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PATRIOT BURIALS

Program
Patriot Burials
Subject
Cemetery, People
Location
405 Loonenburgh Turnpike, Cobleskill, NY 12043, USA
Lat/Long
42.717934, -74.541944
Grant Recipient
Sons of the American Revolution Schoharie Leatherstocking Chapter
Historic Marker

PATRIOT BURIALS

Inscription

PATRIOT BURIALS
STROBECK CEMETERY
REVOLUTIONARY WAR VETERAN
PVT. JOHN STROBECK BURIED HERE
IN 1845. WOUNDED AT BATTLE OF
SHARON. FOUGHT AT JOHNSTOWN.
WILLIAM G. POMEROY FOUNDATION 2024

The origins of the American Revolution can be traced back to 1775, when the first shots were fired between colonial and British forces at the Battle of Lexington and Concord. Soon after, the American Colonies declared their independence from Great Britain on July 4, 1776. As the newly formed United States went to war with Great Britain, hundreds of men across the Thirteen Colonies joined the fight. These men came from different walks of life; some were farmers, others were tradesmen, lawyers, doctors and merchants. Despite their differences they desired the same thing: freedom and independence. Colonial forces faced severe challenges, including lack of supplies and military training; however, in the face of obstacles they were undeterred. After nearly 8 years the colonies defeated Great Britain and successfully achieved their independence. It is important to remember the lives and sacrifices made by those who fought for American freedom.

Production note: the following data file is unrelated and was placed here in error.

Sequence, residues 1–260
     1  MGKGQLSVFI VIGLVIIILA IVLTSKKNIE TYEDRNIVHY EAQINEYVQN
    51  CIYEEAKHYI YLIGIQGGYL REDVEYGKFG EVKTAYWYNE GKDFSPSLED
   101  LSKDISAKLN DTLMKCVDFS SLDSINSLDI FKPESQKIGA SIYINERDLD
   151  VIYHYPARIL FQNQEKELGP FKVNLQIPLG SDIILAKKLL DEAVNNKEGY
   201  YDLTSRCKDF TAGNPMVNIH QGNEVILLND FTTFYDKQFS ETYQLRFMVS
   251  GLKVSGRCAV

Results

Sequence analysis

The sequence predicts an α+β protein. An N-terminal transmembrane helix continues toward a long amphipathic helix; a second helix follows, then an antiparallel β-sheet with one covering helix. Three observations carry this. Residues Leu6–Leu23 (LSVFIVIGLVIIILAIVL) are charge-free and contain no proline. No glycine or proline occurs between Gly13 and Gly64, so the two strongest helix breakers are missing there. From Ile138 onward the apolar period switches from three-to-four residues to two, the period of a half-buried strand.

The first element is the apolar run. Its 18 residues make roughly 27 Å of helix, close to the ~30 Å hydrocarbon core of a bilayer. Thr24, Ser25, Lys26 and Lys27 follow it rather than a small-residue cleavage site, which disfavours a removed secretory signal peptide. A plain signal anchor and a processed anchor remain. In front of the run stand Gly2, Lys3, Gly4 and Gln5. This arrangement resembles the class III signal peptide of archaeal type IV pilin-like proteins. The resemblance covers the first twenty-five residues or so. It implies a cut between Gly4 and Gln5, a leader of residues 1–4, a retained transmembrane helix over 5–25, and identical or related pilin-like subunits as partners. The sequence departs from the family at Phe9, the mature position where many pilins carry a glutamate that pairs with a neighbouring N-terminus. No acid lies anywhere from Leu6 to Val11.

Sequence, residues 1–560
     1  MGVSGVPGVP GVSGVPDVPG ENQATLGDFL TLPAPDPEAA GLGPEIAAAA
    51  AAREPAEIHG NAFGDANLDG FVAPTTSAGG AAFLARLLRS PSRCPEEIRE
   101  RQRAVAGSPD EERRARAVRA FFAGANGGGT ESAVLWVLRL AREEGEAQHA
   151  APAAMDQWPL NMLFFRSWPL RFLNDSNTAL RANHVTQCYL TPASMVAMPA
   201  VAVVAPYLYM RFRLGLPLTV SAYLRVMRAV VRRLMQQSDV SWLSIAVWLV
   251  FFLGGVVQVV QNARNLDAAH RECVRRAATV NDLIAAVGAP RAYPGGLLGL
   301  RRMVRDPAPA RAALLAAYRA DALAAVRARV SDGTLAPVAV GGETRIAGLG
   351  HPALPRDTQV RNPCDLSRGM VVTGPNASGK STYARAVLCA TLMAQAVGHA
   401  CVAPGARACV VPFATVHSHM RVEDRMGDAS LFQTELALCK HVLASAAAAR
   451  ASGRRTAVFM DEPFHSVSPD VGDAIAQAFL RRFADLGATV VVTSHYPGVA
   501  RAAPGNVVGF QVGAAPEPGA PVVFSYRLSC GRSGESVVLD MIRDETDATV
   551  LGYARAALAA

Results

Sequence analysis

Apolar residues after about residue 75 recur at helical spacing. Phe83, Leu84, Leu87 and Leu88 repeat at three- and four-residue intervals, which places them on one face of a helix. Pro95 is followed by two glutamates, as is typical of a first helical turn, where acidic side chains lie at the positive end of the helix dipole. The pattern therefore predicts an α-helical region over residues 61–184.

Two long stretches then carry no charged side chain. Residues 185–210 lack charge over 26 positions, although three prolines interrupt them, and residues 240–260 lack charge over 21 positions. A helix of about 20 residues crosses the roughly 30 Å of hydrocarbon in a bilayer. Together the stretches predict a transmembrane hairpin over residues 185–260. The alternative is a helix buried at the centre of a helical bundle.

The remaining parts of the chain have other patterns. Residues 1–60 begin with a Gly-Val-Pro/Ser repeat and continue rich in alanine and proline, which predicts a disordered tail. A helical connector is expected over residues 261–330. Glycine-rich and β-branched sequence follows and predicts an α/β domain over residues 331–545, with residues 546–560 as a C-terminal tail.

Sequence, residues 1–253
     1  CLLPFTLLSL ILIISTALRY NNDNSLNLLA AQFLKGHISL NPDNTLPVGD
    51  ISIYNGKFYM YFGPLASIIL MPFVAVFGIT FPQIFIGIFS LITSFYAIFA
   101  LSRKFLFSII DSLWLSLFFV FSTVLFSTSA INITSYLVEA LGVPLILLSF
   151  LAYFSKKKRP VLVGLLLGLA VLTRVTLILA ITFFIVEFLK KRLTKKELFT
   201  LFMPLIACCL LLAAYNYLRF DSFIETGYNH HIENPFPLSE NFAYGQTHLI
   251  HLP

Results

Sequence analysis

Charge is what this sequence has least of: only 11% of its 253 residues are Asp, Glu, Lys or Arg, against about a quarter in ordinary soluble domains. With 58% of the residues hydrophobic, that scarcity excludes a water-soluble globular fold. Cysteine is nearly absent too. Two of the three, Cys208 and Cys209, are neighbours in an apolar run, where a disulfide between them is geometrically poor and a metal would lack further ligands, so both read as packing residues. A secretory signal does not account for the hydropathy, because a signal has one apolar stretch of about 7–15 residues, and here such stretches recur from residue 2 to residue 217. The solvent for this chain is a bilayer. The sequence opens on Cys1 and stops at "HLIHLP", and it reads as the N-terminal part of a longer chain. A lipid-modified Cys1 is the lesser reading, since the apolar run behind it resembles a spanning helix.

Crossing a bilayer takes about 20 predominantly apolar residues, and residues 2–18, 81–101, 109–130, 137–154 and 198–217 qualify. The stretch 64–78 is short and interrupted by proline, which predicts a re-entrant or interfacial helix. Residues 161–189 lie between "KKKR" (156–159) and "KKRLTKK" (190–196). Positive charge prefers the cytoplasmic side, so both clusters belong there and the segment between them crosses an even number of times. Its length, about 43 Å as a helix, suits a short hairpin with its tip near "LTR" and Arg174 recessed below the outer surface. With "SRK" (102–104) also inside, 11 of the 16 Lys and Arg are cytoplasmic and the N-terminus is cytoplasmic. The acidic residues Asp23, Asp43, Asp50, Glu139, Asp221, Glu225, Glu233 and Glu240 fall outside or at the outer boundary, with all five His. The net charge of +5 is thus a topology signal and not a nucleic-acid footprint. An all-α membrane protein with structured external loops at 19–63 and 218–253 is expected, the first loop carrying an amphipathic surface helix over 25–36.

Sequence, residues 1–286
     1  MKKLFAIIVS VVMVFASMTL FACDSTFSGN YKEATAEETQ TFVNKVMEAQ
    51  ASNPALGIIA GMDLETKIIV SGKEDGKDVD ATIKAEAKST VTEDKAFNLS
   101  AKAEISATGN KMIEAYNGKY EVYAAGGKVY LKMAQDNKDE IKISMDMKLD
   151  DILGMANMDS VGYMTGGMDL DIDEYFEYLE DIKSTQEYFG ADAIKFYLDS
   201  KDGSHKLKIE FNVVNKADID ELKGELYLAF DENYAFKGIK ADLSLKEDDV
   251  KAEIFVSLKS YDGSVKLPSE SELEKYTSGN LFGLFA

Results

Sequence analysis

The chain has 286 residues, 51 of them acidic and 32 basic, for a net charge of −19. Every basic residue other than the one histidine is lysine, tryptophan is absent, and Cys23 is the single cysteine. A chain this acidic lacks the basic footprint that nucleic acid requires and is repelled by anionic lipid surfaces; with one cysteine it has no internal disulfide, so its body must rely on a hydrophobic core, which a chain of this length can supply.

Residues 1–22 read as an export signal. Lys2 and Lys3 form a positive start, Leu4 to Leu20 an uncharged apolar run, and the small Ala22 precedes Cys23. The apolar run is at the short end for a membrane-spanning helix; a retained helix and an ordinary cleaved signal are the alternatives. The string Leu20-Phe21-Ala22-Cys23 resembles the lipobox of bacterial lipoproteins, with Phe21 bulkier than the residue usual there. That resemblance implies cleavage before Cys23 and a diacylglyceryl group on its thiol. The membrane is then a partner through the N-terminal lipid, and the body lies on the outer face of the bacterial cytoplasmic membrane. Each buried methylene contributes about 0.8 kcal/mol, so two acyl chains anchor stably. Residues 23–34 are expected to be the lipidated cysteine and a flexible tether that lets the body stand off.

Strobeck Cemetery is the final resting place of many of the community’s early residents and members of the Strobeck family. Among those buried here is Revolutionary War Veteran private John Adam Strobeck, who was interred in 1845.

Born in Canajoharie, Strobeck was living in Sharon in Schoharie County by 1781. There, he would fight in one of the British army’s final campaigns against northern states during the Revolutionary War.

In 1781 he volunteered and served for nine months in Colonel Marinus Willett’s New York Regiment. During this stint, he fought in the Battle of Sharon (or Dolach) where, according to his pension testimonial, he was “wounded with a bullet and two buckshot though his back and left arm.” Strobeck recovered from his wounds and, in two months, “being able to handle his musket he marched with his said Col. Willett to Johnstown at which place and time was in a battle.”

He then went to serve nine more months in 1782. Following the Revolutionary War, he qualified for a pension.

As of 2024, ongoing efforts have been made to clear and preserve the Strobeck Cemetery, which has revealed additional gravestones and markers at the site.

Note: The Strobeck Cemetery is located on private property. The owner is open to visitors to the cemetery with proper notification.